Two more golds for USA in world track, but double too much for Felix

Allyson Felix added the 400 meters to her workload at the World Track & Field Championships because she wanted to get out of her comfort zone after having won three straight world titles in the 200.

The results proved discomfiting, which makes it almost certain Felix will not try another 200-400 double at the 2012 Olympics.

"if I had to say right now, it would not be high on my list of things to do," Felix said after taking third in Friday's 200 final.

Clearly out of energy after winning the silver medal in the 400 four days ago, Felix had nothing left in the final 50 meters of Friday's 200 final as she finished behind Jamaica's Veronica Campbell-Brown and U.S. teammate Carmelita Jeter.

Each won her second individual gold medal of the meet in Daegu, South Korea.  Campbell-Brown had taken silver behind Jeter in the 100.

Campbell-Brown, the two-time Olympic 200 champion, got a great start and won with a solid time of 22.22 seconds into a 2.2 mile-per-hour headwind.  Jeter, who tied up at the end after challenging Campbell-Brown for the lead, clocked 22.37 for 22.42 for Felix and 22.61 for fourth finisher Shalonda Solomon of the U.S.

This was the first time Felix had run two individual events in a global championship.

"I do not have any regrets," Felix said.  "I tried to do something new, and it gives me a lot of motivation for next year.


"The 200 will be very important next year.  I think the 400 took a lot out of me."

Felix has twice finished second to Campbell-Brown in the Olympic 200.

Despite a surprising total flop in the shotput, Team USA added two golds to its meet-leading total, now nine.

Long jumper Dwight Phillips, one of the best big meet performers in history, shook off an injury-marred season to take a fourth world title.  He had finished just 10th at the U.S. Championships in June and competed just three times this season before worlds.


Phillips, the 2004 Olympic champion, won with a jump of 27 feet, 8 3/4 inches.  Michael Watt of Australia was second at 27-4.

And LaShawn Merritt's strategically and athletically brilliant anchor leg rallied the US to victory in the 4 x 400 relay.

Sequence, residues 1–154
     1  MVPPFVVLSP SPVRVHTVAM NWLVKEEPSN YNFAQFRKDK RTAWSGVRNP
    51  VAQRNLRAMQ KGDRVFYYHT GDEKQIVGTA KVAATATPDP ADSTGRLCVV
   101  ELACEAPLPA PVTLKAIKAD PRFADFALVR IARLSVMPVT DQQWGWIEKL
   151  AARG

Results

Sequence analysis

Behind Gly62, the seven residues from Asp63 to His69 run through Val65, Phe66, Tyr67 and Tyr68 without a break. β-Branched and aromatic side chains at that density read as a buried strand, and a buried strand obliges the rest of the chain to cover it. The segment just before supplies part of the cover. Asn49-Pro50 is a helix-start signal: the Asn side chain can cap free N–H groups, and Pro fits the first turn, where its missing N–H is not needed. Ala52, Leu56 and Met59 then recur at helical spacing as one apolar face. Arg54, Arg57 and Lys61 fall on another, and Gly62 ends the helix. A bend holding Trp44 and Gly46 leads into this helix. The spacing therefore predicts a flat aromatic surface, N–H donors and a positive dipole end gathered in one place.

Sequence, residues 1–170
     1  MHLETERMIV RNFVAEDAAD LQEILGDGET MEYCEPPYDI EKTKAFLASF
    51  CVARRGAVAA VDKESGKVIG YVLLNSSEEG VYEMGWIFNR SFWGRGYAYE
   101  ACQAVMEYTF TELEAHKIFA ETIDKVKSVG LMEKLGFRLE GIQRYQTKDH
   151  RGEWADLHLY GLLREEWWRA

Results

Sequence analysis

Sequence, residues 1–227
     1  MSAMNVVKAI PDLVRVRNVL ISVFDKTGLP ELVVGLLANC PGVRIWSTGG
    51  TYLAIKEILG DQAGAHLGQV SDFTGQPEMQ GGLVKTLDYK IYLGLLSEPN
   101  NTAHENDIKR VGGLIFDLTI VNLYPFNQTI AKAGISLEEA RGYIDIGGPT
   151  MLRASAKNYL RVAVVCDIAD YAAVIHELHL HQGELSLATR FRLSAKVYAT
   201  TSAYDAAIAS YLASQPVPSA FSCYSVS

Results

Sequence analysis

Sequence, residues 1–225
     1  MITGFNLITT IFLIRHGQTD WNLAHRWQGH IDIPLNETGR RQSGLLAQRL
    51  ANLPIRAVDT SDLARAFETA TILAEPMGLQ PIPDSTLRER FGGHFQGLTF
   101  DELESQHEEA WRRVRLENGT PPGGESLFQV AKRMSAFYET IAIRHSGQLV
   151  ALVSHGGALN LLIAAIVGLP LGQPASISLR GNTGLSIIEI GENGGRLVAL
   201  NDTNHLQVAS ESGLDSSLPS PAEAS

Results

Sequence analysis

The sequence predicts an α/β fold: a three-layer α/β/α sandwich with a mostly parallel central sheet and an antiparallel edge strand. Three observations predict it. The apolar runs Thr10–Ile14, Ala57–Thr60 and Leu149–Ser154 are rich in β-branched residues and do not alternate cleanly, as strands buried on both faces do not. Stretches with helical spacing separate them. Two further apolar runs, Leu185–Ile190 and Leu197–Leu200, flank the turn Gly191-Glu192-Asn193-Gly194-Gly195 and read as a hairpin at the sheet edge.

The U.S. quartet had two men who ran the 400 hurdles (Bershawn Jackson and Angelo Taylor) following Greg Nixon.  They clocked 2:59.31, with South Africa second (2:59.87) and Jamaica third (3:00.10).

After ending long gold-medal droughts in three events Thursday, the U.S. went the other way in the shotput, failing to win a medal for the first time since 1991 and failing to win a medal for the first time since 1991.


Germany's David Storl, 21, became the youngest shotput champion in worlds history, winning with his final throw of 71 feet, 5 1/2 inches.  Canada's Dylan Armstrong was second at 71 feet, followed by Andrei Mikhnevich of Belarus at 70-10 1/2.


The US results:  2009 champion Christian Cantwell was fourth (70-1);  2007 champion Reese Hoffa fifth (68-10 1/2);  Ryan Whiting seventh (68-1); 2005 champion Adam Nelson 8th (66-7).

"After the qualifying, a lot of my competitors were asking, `Who is David Storl?'  Now they know," Storl said.

Showing no ill effects of having been disqualified in the 100-meter final, Usain Bolt of Jamaica cruised into Saturday's 200-meter final, playing to the crowd as usual and winning two races easily, jogging at the finish.

Both times, he waited to make sure there would not be another false start.  His reaction times, .314 seconds in the first round and .207 in the semis, were well above the allowable .1.  His times, both into headwinds, were 20.30 and 20.31.

U.S. champion Walter Dix also won both his 200 races.

Bolt looks unbeatable and obviously feels that way, saying after the semifinal he expected no challenges if he gets a good start in the final.

"I'm definitely going to win," he said.